March 31, 1822|
Simbirsk, Imperial Russia
|Died||January 3, 1900
Saint Petersburg, Imperial Russia
|Education||Military engineering-technical university|
|Genres||Fiction, criticism, travel writing|
|Notable work(s)||The Fishermen|
Early life 
Grigorovich was born in Simbirsk, where his family were members of the landed gentry. His father was Russian and his mother French. From 1832 to 1835 he studied at several French and German private schools in Moscow. He then did coursework at the Nikolayev Engineering Institute, where he made friends with his fellow student Fyodor Dostoyevsky, and the Imperial Academy of Arts until 1840. Grigorovich said that it was through his friendship with Dostoyevsky that he first became interested in literature.
Upon leaving school, Grigorovich took a small room from the warder of the Academy of Arts. It was in the neighboring studios that he made his first literary acquaintances including Nikolay Nekrasov, who published Grigorovich's earliest work St. Petersburg Organ Grinders (1845). Nekrasov also introduced him to the influential critic Vissarion Belinsky.
In the mid-1840s, Grigorovich renewed his friendship with Dostoyevsky after a chance meeting in the street. They soon moved in together. In 1846, Dostoyevsky read his first novel Poor Folk to Grigorovich, who was so impressed by the reading that he took the manuscript to Nekrasov, who soon published it.
1846 also saw the publication of Grigorovich's short novel The Village, influenced by his reading of Dickens's Oliver Twist. The Village, and his 1847 novel Anton Goremyka ('Luckless Anton') were both published in the influential magazine Sovremennik. The realistic treatment of peasant life in these two novels was praised by Belinsky, and by the writer Shchedrin, among others, and had a considerable impact on the writing of that period. Grigorovich's fame was soon eclipsed, though, by the publication of Ivan Turgenev's A Sportsman's Sketches.
In 1858 and 1859, Grigorovich took part in a literary expedition organized by Grand Duke Konstantin, along with other writers such as Alexander Ostrovsky and Ivan Goncharov. Grigorovich described his travels to the Mediterranean as a part of this expedition in his book The Ship Retvizan.
Later life 
As a result of the political tensions of the 1860s and 1870s, Grigorovich turned away from literature, returning to it only in the 1880s. In 1862 he travelled to London to study English art at the 1862 International Exhibition and in other galleries. In 1863 he published an account of his studies, Paintings by English Artists at London Exhibitions in 1862, in the Russian Herald. The article was significant both for providing the most comprehensive analysis of British painting yet to appear in the Russian press, and for Grigorovich's comments on the merits of British painting in comparison with those of other European schools. He especially liked the works of William Holman Hunt.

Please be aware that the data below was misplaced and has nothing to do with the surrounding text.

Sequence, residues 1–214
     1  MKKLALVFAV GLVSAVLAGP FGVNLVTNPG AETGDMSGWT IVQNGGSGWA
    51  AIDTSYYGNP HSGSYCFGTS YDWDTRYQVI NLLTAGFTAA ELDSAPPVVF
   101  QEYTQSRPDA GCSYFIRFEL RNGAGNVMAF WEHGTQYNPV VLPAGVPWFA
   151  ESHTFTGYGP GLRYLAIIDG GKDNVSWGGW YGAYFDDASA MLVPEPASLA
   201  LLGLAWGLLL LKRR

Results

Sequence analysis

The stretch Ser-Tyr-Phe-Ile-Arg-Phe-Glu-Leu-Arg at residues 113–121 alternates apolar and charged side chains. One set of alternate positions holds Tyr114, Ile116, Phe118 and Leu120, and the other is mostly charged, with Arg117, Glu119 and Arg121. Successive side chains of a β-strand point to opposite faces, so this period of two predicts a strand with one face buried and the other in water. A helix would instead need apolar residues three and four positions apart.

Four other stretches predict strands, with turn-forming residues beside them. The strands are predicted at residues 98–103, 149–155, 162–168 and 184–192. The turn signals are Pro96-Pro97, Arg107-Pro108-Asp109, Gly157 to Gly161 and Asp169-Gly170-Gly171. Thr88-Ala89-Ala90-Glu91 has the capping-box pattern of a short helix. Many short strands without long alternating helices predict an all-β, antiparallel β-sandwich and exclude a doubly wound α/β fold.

In 1886, he wrote his celebrated letter to the young writer Anton Chekhov, telling him that he had a gift, and that he should take his literary efforts more seriously. In his reply Chekhov said: "Your letter, my kind, fervently beloved bringer of good tidings, struck me like a flash of lightning. I almost burst into tears, I was overwhelmed, and now I feel it has left a deep trace in my soul." 
Grigorovich died in St. Petersburg in 1900.
English translations 
- The Cruel City, (novel-1855/56), Cassell Publishing Company, 1891. from Google Books
- The Peasant, (short novel), from Russian Sketches, Smith Elder & Co, 1913. from Archive.org
- The Fishermen, (novel-1853), Stanley Paul and Co, 1916. from Archive.org
- Russian Literature, Peter Kropotkin (New York: McClure, Phillips & Co. 1905).
- , Handbook of Russian Literature, ed. Victor Terras, (New Haven: Yale University Press, 1990).
- , Reminiscences of Grigorovich, from Letters of F.M. Dostoyevsky to His Family and Friends (New York: Macmillan).
- The Cambridge History of Russian Literature, ed. Charles A. Moser (Cambridge University Press, 1992).
- English Accents: Interactions with British Art, c. 1776-1855, Ashgate Publishing, 2004.
- Letters of Anton Chekhov to His Family and Friends, ed. Constance Garnett (London: Chatto and Windus, 1920).
- Anton Chekhov: A Life in Letters (Penguin Classics, 2004).